An American exploration team has just completed a landmark dive exploring deeper than any human or submersible has before to gather footage of one of history’s most notable shipwrecks.
The Texas-based undersea technology company Caladan Oceanic surveyed the remains of the USS Johnston — a US Navy Destroyer from World War II that lies over 21,325 feet underwater off Samar Island in the Philippines. The mission, which included two eight-hour dives in a submersible, was completed at the end of last month and captured unique video and photographic footage of the vessel.
Just completed the deepest wreck dive in history, to find the main wreckage of the destroyer USS Johnston. We located the front 2/3 of the ship, upright and intact, at a depth of 6456 meters. Three of us across two dives surveyed the vessel and gave respects to her brave crew. pic.twitter.com/N1AuzHIi0b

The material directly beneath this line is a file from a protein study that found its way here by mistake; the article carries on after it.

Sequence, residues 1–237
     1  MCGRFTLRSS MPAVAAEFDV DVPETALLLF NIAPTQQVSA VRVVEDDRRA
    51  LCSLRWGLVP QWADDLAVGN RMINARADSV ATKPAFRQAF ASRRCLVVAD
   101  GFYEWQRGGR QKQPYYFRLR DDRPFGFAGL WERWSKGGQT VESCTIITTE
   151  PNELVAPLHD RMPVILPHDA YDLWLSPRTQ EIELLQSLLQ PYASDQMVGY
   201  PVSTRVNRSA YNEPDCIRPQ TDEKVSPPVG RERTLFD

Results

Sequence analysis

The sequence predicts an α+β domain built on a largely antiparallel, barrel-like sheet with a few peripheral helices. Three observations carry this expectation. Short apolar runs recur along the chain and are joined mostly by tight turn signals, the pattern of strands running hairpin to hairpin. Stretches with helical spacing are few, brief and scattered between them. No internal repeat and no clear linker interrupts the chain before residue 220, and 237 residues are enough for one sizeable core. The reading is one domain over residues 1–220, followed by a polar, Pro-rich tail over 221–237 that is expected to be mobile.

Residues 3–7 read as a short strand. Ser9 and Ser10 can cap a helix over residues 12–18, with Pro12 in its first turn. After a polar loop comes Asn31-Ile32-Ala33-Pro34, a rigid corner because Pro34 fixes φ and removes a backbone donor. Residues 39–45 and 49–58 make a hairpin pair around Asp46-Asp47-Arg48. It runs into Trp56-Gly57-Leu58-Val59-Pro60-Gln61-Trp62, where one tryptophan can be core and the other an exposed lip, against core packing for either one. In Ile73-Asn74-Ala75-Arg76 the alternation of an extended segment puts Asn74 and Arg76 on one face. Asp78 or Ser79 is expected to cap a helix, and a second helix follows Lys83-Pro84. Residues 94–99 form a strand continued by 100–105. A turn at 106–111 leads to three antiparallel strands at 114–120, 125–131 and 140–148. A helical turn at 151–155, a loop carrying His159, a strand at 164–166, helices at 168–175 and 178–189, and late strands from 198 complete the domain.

— Victor Vescovo (@VictorVescovo) April 1, 2021
“Just completed the deepest wreck dive in history, to find the main wreckage of the destroyer USS Johnston. We located the front 2/3 of the ship, upright and intact, at a depth of 6,456 meters. Three of us across two dives surveyed the vessel and gave respects to her brave crew,” Caladan Oceanic’s founder Victor Vescovo said on Twitter. Vescovo piloted the submersible with the help of his team.
US Navy records from World War II state that only 141 of 327 of the ship’s crew survived. The expedition team found two intact five-inch gun turrets, many gun mounts, and torpedo racks.
The vessel was originally explored in 2019 during an expedition and later became an object of interest to Caledon Oceanic. Thanks to new cutting-edge submersible technology, Caledon Oceanic were able to observe the USS Johnston during the recent dive, delivering us the first-ever images of the wreck.
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